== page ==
We should be in a season of celebration. Three of the Republican candidates for president, Mitt Romney, Rick Perry and Jon Huntsman, are of the highest caliber, on a level we have barely seen in the post-war period. But interest is lukewarm. And the mainstream yearns for the family member of a former president, one not particularly distinguished; a monarchist yearning. Or Herman Cain. It has been like this for a while: Obama, Hillary, Mike Huckabee, W. Bush, Al GoreAlbert (Al) Arnold GoreTrump's election fraud claims pose risks for GOP in midterms Don't 'misunderestimate' George W. Bush Why the pro-choice movement must go on the offensive MORE and others should be seen as history's passing fancy, yet in our time they rise to the top. This is a crisis of leadership and authority coming to its most critical moment. If we fail again this time, this time the country will fall apart.

The Washington Post’s Dana Milbank notes that in the recent debate in Nevada, Jon Huntsman, “governor, ambassador, the man who in a normal political environment would be the most qualified and formidable candidate in the race, wasn’t even on the stage.”

And he is right when he says: “A system that rejects a Jon Huntsman in favor of a Herman Cain isn’t a primary process. It is a primal scream.”

What went wrong? Everything. There is something wrong with everything: the government, the press, the people.

I’ve been following this descent since Bill ClintonWilliam (Bill) Jefferson ClintonVirginia governor's race enters new phase as early voting begins Business coalition aims to provide jobs to Afghan refugees Biden nominates ex-State Department official as Export-Import Bank leader MORE’s Elvis caricature followed in his inauguration parade. It was all good fun, no? A president with the moral overview of the hunka-hunka burnin’ love himself. Maybe not. At the beginning of the Clinton presidency I felt we had turned the corner and entered the vestry of the place of no return. I wasn’t alone. It was then that alternative government, secession and regional thinking began. It began with the League of the South and, in New England, the New England Confederation. The idea cross-cultured and took steam in the Bush administration and took off in Obama’s moment. There are now dozens of states’-rights and sovereignty movements across the continent. And the so-called "Occupy" movement resembles the Pirandello play in which the actors are in search of an author.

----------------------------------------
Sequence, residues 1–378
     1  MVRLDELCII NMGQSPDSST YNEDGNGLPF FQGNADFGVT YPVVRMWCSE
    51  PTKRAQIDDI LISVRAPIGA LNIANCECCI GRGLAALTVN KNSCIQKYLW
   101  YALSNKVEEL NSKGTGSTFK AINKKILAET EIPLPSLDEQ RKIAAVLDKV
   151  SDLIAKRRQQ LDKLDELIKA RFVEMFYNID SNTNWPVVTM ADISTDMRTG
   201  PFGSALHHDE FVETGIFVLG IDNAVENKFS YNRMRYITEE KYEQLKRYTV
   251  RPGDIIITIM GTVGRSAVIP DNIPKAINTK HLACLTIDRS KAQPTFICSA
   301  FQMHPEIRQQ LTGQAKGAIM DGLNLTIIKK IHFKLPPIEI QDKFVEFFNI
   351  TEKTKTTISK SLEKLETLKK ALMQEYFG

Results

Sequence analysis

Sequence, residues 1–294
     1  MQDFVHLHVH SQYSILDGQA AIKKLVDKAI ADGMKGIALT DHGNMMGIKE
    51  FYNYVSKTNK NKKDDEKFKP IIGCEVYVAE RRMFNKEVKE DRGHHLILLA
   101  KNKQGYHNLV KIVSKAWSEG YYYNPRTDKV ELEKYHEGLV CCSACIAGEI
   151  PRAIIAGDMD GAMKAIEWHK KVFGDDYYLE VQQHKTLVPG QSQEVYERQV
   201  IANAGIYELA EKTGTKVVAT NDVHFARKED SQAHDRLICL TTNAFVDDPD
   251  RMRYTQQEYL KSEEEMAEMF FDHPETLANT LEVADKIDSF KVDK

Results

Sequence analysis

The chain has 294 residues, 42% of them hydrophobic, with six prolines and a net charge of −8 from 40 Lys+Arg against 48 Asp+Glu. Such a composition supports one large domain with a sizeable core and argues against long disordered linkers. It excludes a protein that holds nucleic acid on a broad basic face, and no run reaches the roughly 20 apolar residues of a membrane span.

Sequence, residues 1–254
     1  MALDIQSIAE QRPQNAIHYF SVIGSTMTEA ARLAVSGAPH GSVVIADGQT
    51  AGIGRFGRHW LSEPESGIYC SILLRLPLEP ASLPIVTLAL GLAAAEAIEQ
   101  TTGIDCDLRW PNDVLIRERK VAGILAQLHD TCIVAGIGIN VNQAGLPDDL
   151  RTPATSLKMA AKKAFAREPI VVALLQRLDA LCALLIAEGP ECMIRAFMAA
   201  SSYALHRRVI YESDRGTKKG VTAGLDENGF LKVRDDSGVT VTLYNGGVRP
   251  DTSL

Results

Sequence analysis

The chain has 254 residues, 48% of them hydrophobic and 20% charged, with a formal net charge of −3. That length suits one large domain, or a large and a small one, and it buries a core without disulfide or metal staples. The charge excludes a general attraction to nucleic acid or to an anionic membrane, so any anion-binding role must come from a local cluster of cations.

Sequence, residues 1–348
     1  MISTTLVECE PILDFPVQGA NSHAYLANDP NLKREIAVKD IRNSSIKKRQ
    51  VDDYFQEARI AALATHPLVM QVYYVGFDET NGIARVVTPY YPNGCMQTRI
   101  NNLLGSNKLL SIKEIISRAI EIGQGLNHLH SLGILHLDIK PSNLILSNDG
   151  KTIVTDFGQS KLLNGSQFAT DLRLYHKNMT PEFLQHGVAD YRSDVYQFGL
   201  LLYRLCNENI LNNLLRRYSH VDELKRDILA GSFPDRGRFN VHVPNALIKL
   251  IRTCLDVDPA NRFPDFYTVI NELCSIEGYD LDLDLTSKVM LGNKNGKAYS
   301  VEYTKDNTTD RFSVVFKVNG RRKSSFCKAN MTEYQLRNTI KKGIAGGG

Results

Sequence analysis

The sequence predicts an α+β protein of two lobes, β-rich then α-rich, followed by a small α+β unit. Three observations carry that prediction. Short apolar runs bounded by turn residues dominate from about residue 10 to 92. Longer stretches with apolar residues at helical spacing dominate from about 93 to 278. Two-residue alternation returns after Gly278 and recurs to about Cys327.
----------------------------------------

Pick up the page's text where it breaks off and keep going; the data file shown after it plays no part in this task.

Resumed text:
They could very well find them in authors like Thomas Woods, or at Judge Andrew Napolitano’s Freedom Watch or at the 10th Amendment Center, a Petri dish for brilliant new constitutional thinking. And if the grown-ups don’t get it right this time, they may find no other options.